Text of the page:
Even in cases where a DRE is serving, a senior
RP can provide that vital link between civilian and
military to coordinate the program. In this
function, the RP is not acting as the DRE,
chaplain, or curriculum instructor, but rather as
one who enables, one who provides, one who
monitors, one who assists, one who informs, and
one who evaluates.
SPECIFIC TASKS INVOLVED IN
There are four specific tasks related to
coordinating religious education programs. These
four tasks are addressed in the following sections.
Assisting the Chaplain in the
Recruitment of Volunteers
In order to have a continuous religious
education program to benefit military members
and their families, volunteers are needed in every
facet of the program. Volunteers who assist in the
operation of the religious education program not
only are helping the students but also, in a very
true sense, are benefiting the Navy.
It is established, then, that volunteers are
needed. But, will they show up in droves to set
the religious education program in motion?
Hardly. If even one lay person would volunteer
through a sense of service or loyalty, then that
would certainly be a banner day for the Command
Volunteers should be made fully aware of
what they are being asked to volunteer for. For
example: A volunteer is needed to teach the
Protestant Sunday School curriculum during 1986
to the 4- and 5-year-olds. Curriculum analysis may
be involved. Logistical support and teacher
training will be provided.
Sometimes lay persons who are fully qualified
and available to volunteer for any facet of
the religious education program are reluctant
to offer their services because of previous
unpleasant experiences. For example: I volun-
teered to serve as Sunday School secretary at our
last duty station because I had done that in our
church back home. Little did I know that there
was much more to it than keeping attendance
records. After a couple of weeks I was tasked with
teaching the high school class. If they wanted a
teacher, why didnt they say so instead of
Since there are frequent transfers of personnel,
the recruiting effort must be a continual process.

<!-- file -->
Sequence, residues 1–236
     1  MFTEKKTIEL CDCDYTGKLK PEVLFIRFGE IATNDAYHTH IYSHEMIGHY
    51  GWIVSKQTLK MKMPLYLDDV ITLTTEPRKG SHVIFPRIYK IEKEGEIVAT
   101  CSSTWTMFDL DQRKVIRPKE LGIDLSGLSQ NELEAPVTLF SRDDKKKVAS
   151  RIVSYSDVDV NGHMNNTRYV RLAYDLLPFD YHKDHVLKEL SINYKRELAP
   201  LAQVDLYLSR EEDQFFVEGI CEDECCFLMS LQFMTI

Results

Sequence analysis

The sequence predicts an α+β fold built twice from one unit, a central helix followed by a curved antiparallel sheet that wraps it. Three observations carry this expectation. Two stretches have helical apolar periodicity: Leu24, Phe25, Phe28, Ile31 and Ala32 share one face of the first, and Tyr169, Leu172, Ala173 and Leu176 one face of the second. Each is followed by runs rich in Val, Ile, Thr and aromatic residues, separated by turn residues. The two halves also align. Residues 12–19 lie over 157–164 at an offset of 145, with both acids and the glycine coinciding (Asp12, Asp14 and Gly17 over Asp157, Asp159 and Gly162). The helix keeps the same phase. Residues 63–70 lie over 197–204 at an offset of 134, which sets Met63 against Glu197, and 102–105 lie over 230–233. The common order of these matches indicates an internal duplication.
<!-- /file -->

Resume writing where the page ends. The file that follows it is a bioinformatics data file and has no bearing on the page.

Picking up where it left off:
If possible, substitute teachers should be identified
as well. Illnesses of teachers or leave periods must
be taken into account, and alternate teachers may
be needed or some classes may have to be
combined for a session or two.
The actual recruiting, interviewing, and assign-
ing of volunteers are functions of the chaplain.
However, the RP can greatly assist the chaplain
in the identification of prospective volunteers.
This can be accomplished in the following ways:
The chaplain may choose to conduct an
actual survey of command personnel and their
families, at which time the need for volunteers can
be emphasized and talent searches can be
The chaplain may choose to distribute a
command religious program questionnaire, such
as the one shown in figure 6-4.
The chaplain may seek volunteers from
responses made on pew cards available at religious
The chaplain may emphasize the need for
volunteers at welcome aboard briefings.
If a survey is ordered by the chaplain, the RP
should check the results of any previous surveys.
In order to have a worthwhile program of
religious education, assigned personnel and their
families must be aware that a program exists and
that a chaplain and RP staff are present to make
the program function. Target areas for a survey
should include all work spaces and all family
housing areas. On a survey, the leading RP should
accompany the chaplain to record survey infor-
mation. Many questions concerning any facet of
the Command Religious Program could be
answered by these two individuals working in
It should be remembered that the chaplains
key function in the recruitment of volunteers is
to elicit a religious commitment from individuals.
This function should not be conducted by RPs,
because it relates to the chaplains responsibility
as a member of the clergy.
Individuals who may be thinking about
volunteering to assist in the religious education
program should be permitted to state their
preference for the areas in which they would like
to serve rather than being pushed into a